If I were to tattoo any phrase on my body, I would probably go with “Specialization is for Insects.” This phrase first appeared in Robert Heinlein’s novel Time Enough for Love, not that I’ve read it. However, the first time I heard this quote was several weeks ago at a talk by David Cope, an artificial intelligence researcher at UC Santa Cruz who is famous for his investigations into the mechanization of the creation of music. From a folk psychological view, it is fairly easy to see why Cope was drawn to this quote. Throughout his career, Cope has crossed boundaries left and right. He has brought musicality to the field of artificial intelligence, and perhaps some logical intelligence to the field of music.
One insight into music that Cope discussed throughout the lecture was the idea that music carries no true emotion. There are no sad note or happy notes. You, the viewer, force your own interpretations and emotions to the music. It is not often that I find a bonafide musician, someone who has spent so much of their life, admitting such a fact. It almost seems heretical. Yet, this idea has one I have (at least implicitly) understood for quite a while. One problem I have with this view of music, that is that of an inherently meaningless entity, is how do you reconcile the contents of lyrics with the belief that music is one grand exercise in reader response? Personally, I believe that Cope listens to so much classical music that his insights into the world are colored by and focused on the instrumental music. I don’t think he mentioned contemporary music in either of the two talks I saw him give.
I think it goes without saying that songs with lyrics do have meaning in them. There is still a large element of reader response. What you bring to the table in conversation with a song is just as important as the lyrical contents thereof. Yet, Rebecca Black’s Friday still has a certain element of nearly immutable meaning. It is about the day Friday. It is about the concept of partying. It is neither about Thursday, nor Saturday (though both of theses days do get a brief shoutout). There is not much else to Friday.
Now we have established that certain genres of music lack meaning, and that certain genres of music gain meaning through the grafting on of lyrics. This brings me to the part of the essay where I defend my baseless opinions. Throughout my life, I have always found all types of classical music, Bach, Beethoven, Mozart, and most contemporary forms of band and/or orchestra music, to be incredibly boring. If I had tickets to Yo-Yo Ma, would I go? Yes. But, grudgingly, and only for the ability to see Yo-Yo Ma and to post pictures on social media. Would his music do much for me? Probably not.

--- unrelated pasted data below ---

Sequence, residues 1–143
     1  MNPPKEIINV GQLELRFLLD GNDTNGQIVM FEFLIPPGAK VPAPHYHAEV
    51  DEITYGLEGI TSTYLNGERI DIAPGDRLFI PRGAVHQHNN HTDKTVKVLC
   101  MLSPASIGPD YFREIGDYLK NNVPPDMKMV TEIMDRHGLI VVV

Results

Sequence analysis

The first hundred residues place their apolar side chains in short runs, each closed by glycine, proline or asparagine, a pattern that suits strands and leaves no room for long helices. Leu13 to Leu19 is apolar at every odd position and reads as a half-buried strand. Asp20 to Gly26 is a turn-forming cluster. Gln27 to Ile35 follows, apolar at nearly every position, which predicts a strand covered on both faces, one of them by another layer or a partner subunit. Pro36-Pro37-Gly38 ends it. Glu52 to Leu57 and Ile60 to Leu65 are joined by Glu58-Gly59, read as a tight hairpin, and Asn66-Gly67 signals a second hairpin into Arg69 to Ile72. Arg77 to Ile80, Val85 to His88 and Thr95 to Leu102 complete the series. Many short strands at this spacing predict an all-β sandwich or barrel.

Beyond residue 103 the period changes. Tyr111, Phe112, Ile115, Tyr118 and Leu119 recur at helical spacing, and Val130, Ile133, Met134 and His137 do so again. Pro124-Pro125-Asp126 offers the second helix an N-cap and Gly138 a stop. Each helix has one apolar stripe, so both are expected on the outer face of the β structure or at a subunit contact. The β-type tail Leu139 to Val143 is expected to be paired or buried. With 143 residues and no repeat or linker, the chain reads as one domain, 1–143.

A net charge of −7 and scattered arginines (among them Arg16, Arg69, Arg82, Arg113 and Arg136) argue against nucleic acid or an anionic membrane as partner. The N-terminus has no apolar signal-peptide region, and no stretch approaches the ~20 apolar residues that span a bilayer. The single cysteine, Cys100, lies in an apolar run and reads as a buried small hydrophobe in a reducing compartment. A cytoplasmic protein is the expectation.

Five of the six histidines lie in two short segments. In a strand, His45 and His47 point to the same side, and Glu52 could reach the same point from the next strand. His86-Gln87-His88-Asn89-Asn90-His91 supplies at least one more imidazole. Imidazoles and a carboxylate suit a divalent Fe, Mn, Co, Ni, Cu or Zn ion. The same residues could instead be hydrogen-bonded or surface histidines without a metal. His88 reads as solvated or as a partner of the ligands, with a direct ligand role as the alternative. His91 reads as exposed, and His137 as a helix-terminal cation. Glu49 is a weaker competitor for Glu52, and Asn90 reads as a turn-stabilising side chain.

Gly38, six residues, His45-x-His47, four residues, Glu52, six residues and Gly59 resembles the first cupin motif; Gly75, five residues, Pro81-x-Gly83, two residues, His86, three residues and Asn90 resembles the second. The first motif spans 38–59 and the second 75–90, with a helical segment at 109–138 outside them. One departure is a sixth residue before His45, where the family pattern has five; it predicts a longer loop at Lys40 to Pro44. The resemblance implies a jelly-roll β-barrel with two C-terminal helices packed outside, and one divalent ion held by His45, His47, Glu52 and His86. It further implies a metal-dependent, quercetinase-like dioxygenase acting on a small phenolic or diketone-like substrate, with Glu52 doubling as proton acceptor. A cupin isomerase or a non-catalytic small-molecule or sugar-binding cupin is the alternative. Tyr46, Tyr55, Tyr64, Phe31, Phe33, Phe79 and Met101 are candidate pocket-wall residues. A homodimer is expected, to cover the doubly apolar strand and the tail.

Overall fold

I think there are two types of people in this world. Those who want to impose their own meaning on creative pieces of art, and those who want to be told how to think. I am one of the sheeple who wants to be told how to think. If a song is about a raucous party, I wholeheartedly believe there should be accompanying lyrics expressing this to the audience. I want to be teleported to the party. I want the music to show me around, introduce me to a couple of guests, engage in some trite conversation, and leave. Just like social interactions in real life. I find lyric-less music to be like Jackson Pollack’s paintings. Apparently, Pollack’s paintings are really good. Apparently, they are worth a lot. But really, isn’t art about making the audience feel something? What do I feel when I see paint smatters on a canvas? Not much.
I really wonder whether classical music audience-goers actually enjoy classical music. If so, do they impose their own meanings on the symphony? Is this the main reason why the retirees are the main audience of classical music? Do they have more life experience to pull from, to impose on the music they are listening to? After this meditation on meaning, art, and music, you may be wondering whether I am a robot. I am not a robot. I can impose meaning on pieces of art when I want to. After writing this musing, I am starting think I might just be a hypocritical, motivated-reasoner.
I can think of one group that produces instrumental music I enjoy, Explosions in the Sky. But Explosions in the Sky’s bombastic post-rock, serves a different purpose than the music I listen to on a day-to-day basis. Lyric-less post-rock is what I use to zone out, or to study. I listen to this music when I don’t want to think, when I don’t want to feel. Explosions in the Sky’s The Earth is Not a Cold Dead Place functions as a sounding board, a message of hope to quell my fears, or bouts of sadness.
I’m not sure where this leaves us philosophically. Perhaps, I would summarize it this way. Music with lyrics is a tool of transportation. Like a well-written fiction book, lyrics take us to a fictional place. On the contrary, instrumental music excels a complementing our moods. Instrumental music needs another source of meaning for it’s beauty to be fully actualized, whether that meaning comes from your head, a movie, or another outside source. Maybe orchestra concerts would be more interesting if they had accompanying music videos.